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Take Time To Make Time: Things I Wish I’d Known When I Was Thirty

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by Mackey McNeill, CEO and founder of MACKEY, and author of “The Prosperity Playbook: Planning for a Successful Family Business Succession

As the CEO of a financial coaching firm, I’ve observed a common theme from my clients these past 18 months. I hear clients say:

  • I just need to grind it out and get back on top of things.
  • We’re so busy. I just don’t have the time for everything.
  • I can’t wait until things calm down so I can have a little breathing room.

Now more than ever, we’re all running on empty. 

Figuring out how to take (and make) time for myself has been a lifelong pursuit.

Back in my 30s, I founded my accounting firm. I quickly scaled my business and acquired a second firm. I thought the acquisition meant taking on 200 new clients, but I ended up with 500. I wasn’t prepared for the massive influx of work.

I frantically juggled new clients, new employees, and new office space. I worked almost every waking moment of the day. I wasn’t spending enough time with my daughter and I had no semblance of a social life. I was so overwhelmed that I didn’t even feel like I had time to train my new team members.

I wish I knew then, what I know now: burnout isn’t actually a time issue. It’s an energy issue.

The good news about burnout is that it’s fixable. The bad news about burnout is that there isn’t a magic elixir. It may feel counterintuitive to take time in order to make time, but it works.

Here’s how I did it.

1. Allow Yourself to Press Pause.

The last thing to do when you’re feeling burned out is to put your head down and push through. Block out time on your calendar to pause and do nothing. It’s essential. 

The best advice I ever received was from a life coach I’d hired back when I struggled to keep my head above water. He told me that I needed to do one thing for myself every day.

“Are you crazy?!” I thought to myself.

It was a big ask, but I did it. I decided to start taking daily walks. It was a game-changer for me. In fact, it’s still part of my routine.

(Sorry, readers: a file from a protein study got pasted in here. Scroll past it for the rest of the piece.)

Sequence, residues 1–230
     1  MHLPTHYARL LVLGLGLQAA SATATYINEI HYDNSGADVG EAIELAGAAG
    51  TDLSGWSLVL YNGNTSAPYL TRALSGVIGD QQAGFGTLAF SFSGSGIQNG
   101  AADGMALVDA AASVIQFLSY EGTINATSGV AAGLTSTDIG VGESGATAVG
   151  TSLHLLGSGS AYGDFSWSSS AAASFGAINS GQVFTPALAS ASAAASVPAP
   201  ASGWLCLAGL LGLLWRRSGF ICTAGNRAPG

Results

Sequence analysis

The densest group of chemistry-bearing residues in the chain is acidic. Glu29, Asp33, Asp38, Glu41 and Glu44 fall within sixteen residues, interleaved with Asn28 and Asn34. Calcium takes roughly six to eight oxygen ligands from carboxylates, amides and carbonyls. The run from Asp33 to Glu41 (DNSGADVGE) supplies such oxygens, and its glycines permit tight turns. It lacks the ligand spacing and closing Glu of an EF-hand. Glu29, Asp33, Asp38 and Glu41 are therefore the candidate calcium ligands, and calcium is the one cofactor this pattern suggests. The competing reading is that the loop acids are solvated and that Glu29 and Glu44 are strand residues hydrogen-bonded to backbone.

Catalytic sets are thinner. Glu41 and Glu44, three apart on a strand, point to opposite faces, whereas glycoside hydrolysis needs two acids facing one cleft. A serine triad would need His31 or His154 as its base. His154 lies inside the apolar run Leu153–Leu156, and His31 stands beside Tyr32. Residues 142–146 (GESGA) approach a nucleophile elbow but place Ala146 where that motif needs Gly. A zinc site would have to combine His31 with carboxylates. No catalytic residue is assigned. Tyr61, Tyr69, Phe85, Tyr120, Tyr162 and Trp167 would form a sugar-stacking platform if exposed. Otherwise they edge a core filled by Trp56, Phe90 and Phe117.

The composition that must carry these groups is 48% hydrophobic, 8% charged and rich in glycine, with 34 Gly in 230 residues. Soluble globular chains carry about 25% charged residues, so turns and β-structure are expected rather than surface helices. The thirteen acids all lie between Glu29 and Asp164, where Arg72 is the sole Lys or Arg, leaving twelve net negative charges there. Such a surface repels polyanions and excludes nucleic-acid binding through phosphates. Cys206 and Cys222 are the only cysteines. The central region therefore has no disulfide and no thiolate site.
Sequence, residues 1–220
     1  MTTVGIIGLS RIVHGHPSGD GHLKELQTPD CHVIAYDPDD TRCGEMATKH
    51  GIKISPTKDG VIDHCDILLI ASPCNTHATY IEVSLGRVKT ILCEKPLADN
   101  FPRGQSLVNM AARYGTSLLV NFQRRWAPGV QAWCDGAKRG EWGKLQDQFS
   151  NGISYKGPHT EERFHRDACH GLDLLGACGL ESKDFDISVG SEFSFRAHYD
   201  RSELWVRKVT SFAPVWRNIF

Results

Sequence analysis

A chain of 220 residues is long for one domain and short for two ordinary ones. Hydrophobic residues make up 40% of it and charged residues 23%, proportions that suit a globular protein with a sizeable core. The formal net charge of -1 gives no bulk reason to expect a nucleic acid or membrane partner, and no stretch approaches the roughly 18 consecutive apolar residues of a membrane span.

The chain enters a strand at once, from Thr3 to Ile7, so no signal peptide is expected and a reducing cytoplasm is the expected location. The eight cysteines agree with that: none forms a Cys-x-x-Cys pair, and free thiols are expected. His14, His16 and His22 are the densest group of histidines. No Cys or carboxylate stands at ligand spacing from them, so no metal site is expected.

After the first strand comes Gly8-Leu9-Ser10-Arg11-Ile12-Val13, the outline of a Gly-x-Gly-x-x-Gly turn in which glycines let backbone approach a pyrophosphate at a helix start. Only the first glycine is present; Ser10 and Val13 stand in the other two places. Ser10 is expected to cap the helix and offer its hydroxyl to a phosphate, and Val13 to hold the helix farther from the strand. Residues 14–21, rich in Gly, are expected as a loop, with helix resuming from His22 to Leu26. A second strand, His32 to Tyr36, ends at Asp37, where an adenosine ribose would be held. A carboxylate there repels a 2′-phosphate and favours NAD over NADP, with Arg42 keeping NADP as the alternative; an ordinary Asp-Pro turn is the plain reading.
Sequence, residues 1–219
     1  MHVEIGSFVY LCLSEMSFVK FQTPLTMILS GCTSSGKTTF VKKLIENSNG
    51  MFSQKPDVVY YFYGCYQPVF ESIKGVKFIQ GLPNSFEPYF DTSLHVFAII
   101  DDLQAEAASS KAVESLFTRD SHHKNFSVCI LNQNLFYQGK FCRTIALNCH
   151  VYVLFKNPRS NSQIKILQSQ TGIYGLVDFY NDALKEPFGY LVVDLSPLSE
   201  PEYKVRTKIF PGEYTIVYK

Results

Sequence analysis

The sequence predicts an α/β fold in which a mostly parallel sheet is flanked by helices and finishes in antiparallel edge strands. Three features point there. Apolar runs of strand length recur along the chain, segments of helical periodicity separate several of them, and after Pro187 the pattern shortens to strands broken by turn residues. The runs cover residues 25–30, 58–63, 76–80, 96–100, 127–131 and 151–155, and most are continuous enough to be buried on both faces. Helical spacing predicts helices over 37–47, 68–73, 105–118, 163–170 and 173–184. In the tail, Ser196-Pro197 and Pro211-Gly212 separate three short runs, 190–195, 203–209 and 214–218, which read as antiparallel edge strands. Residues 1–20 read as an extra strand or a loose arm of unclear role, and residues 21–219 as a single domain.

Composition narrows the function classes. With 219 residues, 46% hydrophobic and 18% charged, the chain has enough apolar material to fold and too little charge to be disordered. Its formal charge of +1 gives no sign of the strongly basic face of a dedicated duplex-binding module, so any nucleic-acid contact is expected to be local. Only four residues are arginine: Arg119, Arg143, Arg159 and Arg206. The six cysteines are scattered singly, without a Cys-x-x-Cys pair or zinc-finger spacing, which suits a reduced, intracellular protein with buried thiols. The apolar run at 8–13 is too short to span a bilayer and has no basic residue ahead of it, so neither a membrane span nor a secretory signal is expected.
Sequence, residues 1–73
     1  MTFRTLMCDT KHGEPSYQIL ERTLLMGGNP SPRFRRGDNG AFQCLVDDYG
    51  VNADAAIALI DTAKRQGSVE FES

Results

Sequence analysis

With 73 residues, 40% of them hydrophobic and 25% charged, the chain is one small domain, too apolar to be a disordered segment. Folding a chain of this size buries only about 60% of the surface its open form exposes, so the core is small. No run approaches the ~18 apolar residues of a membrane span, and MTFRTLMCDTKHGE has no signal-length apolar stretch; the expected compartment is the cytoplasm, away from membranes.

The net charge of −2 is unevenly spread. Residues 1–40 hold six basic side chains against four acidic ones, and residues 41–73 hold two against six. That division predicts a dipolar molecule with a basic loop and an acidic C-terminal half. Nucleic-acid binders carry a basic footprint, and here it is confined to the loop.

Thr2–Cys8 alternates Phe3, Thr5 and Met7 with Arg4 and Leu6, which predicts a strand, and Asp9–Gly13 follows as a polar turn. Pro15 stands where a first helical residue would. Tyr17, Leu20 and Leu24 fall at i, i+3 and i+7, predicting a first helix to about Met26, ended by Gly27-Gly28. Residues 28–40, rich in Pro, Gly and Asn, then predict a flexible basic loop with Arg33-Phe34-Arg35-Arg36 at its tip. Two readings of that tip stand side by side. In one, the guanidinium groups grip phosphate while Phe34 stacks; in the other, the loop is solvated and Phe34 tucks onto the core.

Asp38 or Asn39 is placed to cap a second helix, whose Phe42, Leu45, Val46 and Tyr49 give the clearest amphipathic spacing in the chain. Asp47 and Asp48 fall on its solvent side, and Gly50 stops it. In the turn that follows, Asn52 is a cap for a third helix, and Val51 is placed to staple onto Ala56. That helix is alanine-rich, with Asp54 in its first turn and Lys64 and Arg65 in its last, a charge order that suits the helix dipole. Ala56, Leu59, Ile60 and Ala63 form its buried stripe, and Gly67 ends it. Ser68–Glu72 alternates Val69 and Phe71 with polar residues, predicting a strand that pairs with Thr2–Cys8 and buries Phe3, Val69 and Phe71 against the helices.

2. Begin with the End in Mind.

Take the time to identify the most impactful things you should be doing with your time and energy and build structures to support everything else. 

If you aren’t returning to your intentions regularly, you’re probably getting lost in the weeds.

Write down your intentions for your career on a card and display it somewhere in your office at eye level. Not on your phone or your computer screen. A physical card.

The constant presence of your intention is critical. It serves as an ongoing reminder, ensuring that your decision-making remains rooted in your end goals.

Not every task is going to align with your goals directly. Identify how you can best use your time to meet your goals and then create structures and strategies to take care of the rest.

3. Manage Your Energy First.

Burnout is less about time and more about energy depletion. Fiercely protecting your energy is the path to solving your time issues. 

Owning and running a business is exhausting. Listening to your body is essential — it helps you identify when you need to take a step back and focus on yourself.

I constantly ask myself, “What do I need?” And I act on the answers. Sometimes I end up calling a friend, getting some fresh air, or squeezing in a quick yoga session.

When I take care of my body and ensure that my energy reserves are intact, I function better at work. As a result, not only am I more productive, but my perceived time issues dissipate.

4. Iterate to Enhance.

Maintaining emotional, physical, and mental wellbeing is an ever-evolving process. Don’t be afraid to change your mind or try something new. 

Solving burnout isn’t immediate. It’s a process. It’s a journey. It’s going to take time. And you need a plan.

That’s the dirty little secret about eradicating burnout: it’s hard. But it’s worth the investment.

Don’t be afraid to take a new idea for a test run — experiment with what works best for you.

It’s a lot less intimidating to make changes when you approach them as mini-tests. By identifying potential strategies that will improve your practices and trying them for a short time, you can determine what will and will not work with less risk. It also makes change a whole lot less intimidating.

Are you crazy?!

You may be thinking these words to yourself as you read this. My thirty-year-old self would probably think it, too. After all, they’re the exact words I told my life coach when he insisted that I do one thing for myself every day.

I believe that burnout doesn’t have to be inevitable. I believe that burnout shouldn’t be worn as a badge of honor. I believe that I can grow my business and feel energized.

And I believe that you can do the same.

 

Sarah Babcock Studio

Mackey McNeill is CEO and founder of MACKEY, a Cincinnati-based firm offering coaching and CFO-level financial expertise to family-owned businesses. Mackey is the author of several books, including “The Prosperity Playbook: Planning for a Successful Family Business Succession“.